Asia Minor or Anatolia* is a large peninsula that extends from Asia towards Europe, and whose center is a huge undulating plateau. The Pontic Mountains to the north and the Tauros Mountains to the south prevent rain on this plateau, except for a short period of time in winter. Along the Mediterranean and Black Sea coasts, deep, narrow bays where ships could take shelter are scarce. The east of the peninsula is covered with high mountains: Ararat (known as the place where the remains of Noah’s Ark are believed to be located), at 5,137 meters, is the highest. It is through these eastern lands, between high mountains, where the tributaries of two of the rivers of Eden flow: the Tigris and the Euphrates. To the east of the peninsula the landscape changes completely. Thanks to its geography, it is here, in western Anatolia, the quot; Asia of the Romans, where Roman culture flourished. Here the mountains are lower, and thanks to its position relative to the sea the rain reaches their lands. In the valleys, which extend between eroded peaks, there are rivers that carry water from the frozen mountains in spring and dry up in summer.

From the Greek anatolé, which means East. The term derives from the same root as sunrise and is used to refer to the East or East, that is, the place where the sun rises.

** The word is believed to derive from Assuwa, the name by which the region is known according to Hittite texts.

Golden figure of a woman found in the Temple of Artemis in Ephesus. End of the VIl silo – beginning of the VI century.C. Archaeological Museum of Ephesus. Selcuk.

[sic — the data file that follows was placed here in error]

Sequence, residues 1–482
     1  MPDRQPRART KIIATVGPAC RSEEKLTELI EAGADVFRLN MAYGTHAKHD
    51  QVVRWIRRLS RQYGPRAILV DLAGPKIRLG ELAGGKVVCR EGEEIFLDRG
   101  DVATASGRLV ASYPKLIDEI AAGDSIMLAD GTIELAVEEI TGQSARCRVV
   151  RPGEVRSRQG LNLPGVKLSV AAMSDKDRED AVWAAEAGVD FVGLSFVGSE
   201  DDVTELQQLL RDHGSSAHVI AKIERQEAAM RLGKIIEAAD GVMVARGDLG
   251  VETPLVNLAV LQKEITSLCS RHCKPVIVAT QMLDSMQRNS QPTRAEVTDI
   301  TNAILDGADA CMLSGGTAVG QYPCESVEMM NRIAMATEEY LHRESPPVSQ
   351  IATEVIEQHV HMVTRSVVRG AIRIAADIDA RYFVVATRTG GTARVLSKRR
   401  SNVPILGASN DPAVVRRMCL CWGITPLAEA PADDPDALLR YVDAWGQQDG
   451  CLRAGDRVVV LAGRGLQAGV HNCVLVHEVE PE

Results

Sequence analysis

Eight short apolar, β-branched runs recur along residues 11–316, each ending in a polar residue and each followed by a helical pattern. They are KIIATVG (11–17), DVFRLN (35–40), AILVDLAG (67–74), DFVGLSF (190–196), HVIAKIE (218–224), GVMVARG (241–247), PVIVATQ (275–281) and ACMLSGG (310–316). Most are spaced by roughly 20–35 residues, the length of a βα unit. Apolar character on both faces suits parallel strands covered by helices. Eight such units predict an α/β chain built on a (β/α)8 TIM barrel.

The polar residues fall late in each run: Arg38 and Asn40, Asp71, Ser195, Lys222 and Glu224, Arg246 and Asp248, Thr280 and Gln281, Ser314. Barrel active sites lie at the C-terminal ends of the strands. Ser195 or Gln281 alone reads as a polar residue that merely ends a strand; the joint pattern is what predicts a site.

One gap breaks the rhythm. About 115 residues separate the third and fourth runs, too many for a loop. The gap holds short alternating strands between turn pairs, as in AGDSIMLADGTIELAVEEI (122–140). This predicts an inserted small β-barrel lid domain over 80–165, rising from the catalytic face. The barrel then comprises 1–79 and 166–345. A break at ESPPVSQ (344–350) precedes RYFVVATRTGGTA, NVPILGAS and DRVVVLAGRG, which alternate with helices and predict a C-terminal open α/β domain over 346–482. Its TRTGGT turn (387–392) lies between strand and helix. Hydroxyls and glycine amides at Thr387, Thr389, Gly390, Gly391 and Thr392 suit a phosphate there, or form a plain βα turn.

The Caico (Bakirçay), Hermo (Gediz), Caistro (Küçük Menderes) and Meander (Büyük Menderes) rivers stand out. The roads that followed these rivers were the only trade routes between the east coast and central Anatolia. Much of Turkey’s cotton and tobacco production is produced in this region. The slopes of the mountains are covered with vineyards and orchards with fig, pomegranate, and other fruit trees. Olive oil and wine have been two of the most important products of the region since Antiquity. Its irregular coasts give rise to hundreds of deep coves sheltered from the Aegean wind, which encouraged the construction of ports. The eastern coast of Anatolia is believed to have been densely populated during the Late Bronze Age (1500-1200 BC). Some of these settlements, such as Troy and ancient Smyrna (Bayrakli), have been inhabited since the third millennium. Around 1190 BC, the peaceful situation in the region changed abruptly. It is believed that mysterious hordes called “the people of the sea” They began a series of revolts throughout the Aegean world that spread through Anatolia, Cyprus, and Syria, until reaching Egypt. According to the Egyptians, nothing could stop the advance of these hordes. Their arrival is related to the end of the Mycenaean Empire in Greece and the Hittites in Anatolia. It is believed that between the 9th and 7th centuries BC.